(1) Estimates based on data reported by fire departments responding to the 2020 National Fire Experience Survey. May exclude reports from some fire departments.
(2) Includes overall direct property loss to contents, structures, vehicles, machinery, vegetation or any other property involved in a fire. Excludes indirect losses, such as business interruption or temporary shelter costs.
(3) Includes manufactured homes.
(4) Includes hotels and motels, dormitories, rooming houses, residential board and care properties, and other residential properties.
(5) Public assembly, educational, institutional, retail, office, manufacturing, and industrial or utility properties.
(6) Includes a $3 billion naval ship fire in California.
(7) Outside storage, crops, timber, etc.
(8) Excludes crops and timber, with no value or loss involved.

Source: Reproduced with permission from Fire Loss in the United States During 2020 by Marty Ahrens and Ben Evarts, ©2021 National Fire Protection Association www.nfpa.org.

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Top 10 Costliest Large-Loss Fires, 2020 (1)

($ millions)

Rank State Month Type of facility Estimated loss
1 August California "Siege"  wildfires (2) $4,200.0
2 July California Navy ship under repair 3,000.0
3 June California Online sales warehouse 300.0
4 August Minnesota Hotel under construction 80.0
5 February Georgia Apartments under construction  61.0
6 January New Jersey Apartments under construction 51.9
7 May North Carolina Manufacturing, special equipment 50.0
8 May Ohio Apartments under construction 26.1
9 July Massachusetts Cold storage warehouse 25.0
10 February Alaska Village school building 20.0

(1) Large-loss fires of $20 million or more in 2020.
(2) Includes multiple wildfires.

Note: Loss data shown here may differ from figures shown elsewhere for the same event due to differences in the date of publication, the geographical area covered and other criteria used by organizations collecting the data.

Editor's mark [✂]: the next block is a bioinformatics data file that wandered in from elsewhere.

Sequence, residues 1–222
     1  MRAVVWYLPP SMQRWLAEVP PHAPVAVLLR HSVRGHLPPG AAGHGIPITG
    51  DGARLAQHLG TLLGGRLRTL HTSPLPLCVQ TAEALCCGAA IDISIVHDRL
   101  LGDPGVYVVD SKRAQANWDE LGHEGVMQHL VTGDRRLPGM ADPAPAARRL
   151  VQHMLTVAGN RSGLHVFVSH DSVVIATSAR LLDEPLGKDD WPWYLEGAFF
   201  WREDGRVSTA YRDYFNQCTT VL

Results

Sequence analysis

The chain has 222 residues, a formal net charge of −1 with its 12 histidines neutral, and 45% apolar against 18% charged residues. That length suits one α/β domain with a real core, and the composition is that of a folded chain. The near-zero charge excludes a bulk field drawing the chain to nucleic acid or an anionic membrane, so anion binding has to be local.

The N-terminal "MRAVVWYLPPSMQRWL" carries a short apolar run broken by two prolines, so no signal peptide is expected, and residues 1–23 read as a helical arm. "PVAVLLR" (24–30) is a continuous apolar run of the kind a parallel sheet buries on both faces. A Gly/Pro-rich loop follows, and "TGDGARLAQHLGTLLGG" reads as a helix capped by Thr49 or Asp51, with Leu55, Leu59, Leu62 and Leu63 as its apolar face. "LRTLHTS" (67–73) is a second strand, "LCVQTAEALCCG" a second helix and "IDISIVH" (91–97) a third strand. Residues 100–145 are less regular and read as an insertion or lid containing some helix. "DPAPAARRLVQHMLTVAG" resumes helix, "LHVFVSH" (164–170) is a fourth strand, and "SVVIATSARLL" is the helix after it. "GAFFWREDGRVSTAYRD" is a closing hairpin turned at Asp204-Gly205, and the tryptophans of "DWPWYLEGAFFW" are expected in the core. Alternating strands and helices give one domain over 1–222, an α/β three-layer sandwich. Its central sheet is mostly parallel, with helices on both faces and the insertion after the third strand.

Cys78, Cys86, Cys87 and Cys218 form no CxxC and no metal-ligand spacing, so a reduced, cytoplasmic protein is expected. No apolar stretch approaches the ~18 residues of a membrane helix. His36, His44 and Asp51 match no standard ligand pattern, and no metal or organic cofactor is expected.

Source: National Fire Protection Association www.nfpa.org.

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Top 10 Costliest Large-Loss Fires In U.S. History

($ millions)

      Estimated loss (1)
Rank Date Location/event Dollars when occurred In 2020 dollars (2)
1 Sep. 11, 2001 World Trade Center (terrorist attacks) $33,400 $48,900 (3)
2 Oct. 8, 2017 Northern CA Wildland Urban Interface fire 10,000 10,600
3 Apr. 18, 1906 San Francisco Earthquake and Fire 350 10,100
4 Nov. 8, 2018 Camp Wildland Urban Interface fire 8,500 8,700
5 Aug, 2021 "Siege" wildfire, Northern California (4) 4,200 4,200
6 Oct. 8-9, 1871 Great Chicago Fire 168 3,600
7 July, 2021 Navy ship under repair, San Diego, California 3,000 3,000
8 Nov. 8, 2018 Woolsey Wildland Urban Interface fire 2,900 3,000
9 Oct. 20, 1991 Oakland, CA, firestorm, Wildland Urban Interface fire 1,500 2,900
10 Oct. 20, 2007 San Diego County, CA, The Southern California Firestorm 1,800 2,200

(1) Loss estimates are from National Fire Protection Association (NFPA) records. The list is limited to fires for which some reliable dollar loss estimates exists.
(2) Adjustment to 2020 dollars made by the National Fire Protection Association using the Consumer Price Index.
(3) Differs from inflation-adjusted estimates made by other organizations due to the use of different collection criteria and deflators.
(4) Includes multiple fires.

Source: ©National Fire Protection Association. www.nfpa.org/research/reports-and-statistics.

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Top Catastrophic Multiple-Death Fires and Explosions, 2020 (1)

 

Rank (2) Month State Type of facility Deaths
1 August California Wildfire 16
2 January Alabama Houseboat and boats 8
3 February Mississippi Single-family home 7
4 March Indiana Single-family home 6
4 August California Wildfire 6
4 December West Virginia Single-family home 6
5 June Georgia Aircraft in flight 5
5 August Colorado Single-family home 5
5 August California Wildfire 5
5 October New Jersey Furniture store 5

(1) Fires or explosions that kill five or more people in residential property, or three or more people in nonhome or nonstructural property.
(2) Fires with the same number of deaths receive the same rank.

Source: National Fire Protection Association. www.nfpa.org.

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Top 10 Most Catastrophic Multiple-Death Fires In U.S. History (1)

 

Rank Date Location/event Deaths
1 Sep. 11, 2001 New York, NY, World Trade Center terrorist attack 2,666 (2)
2 Apr. 27, 1865 Mississippi River, SS Sultana steamship 1,547
3 Oct. 8, 1871 Peshtigo, WI, forest fire 1,152
4 Jun. 15, 1904 New York, NY, General Slocum steamship 1,030
5 Dec. 30, 1903 Chicago, IL, Iroquois Theater 602
6 Oct. 12, 1918 Cloquet, MN, forest fire 559
7 Nov. 28, 1942 Boston, MA, Cocoanut Grove night club 492
8 Apr. 16, 1947 Texas City, TX, SS Grandcamp and Monsanto Chemical Co. plant 468
9 Sep. 1, 1894 Hinckley, MN, forest fire 418
10 Dec. 6, 1907 Monongha, WV, coal mine explosion 361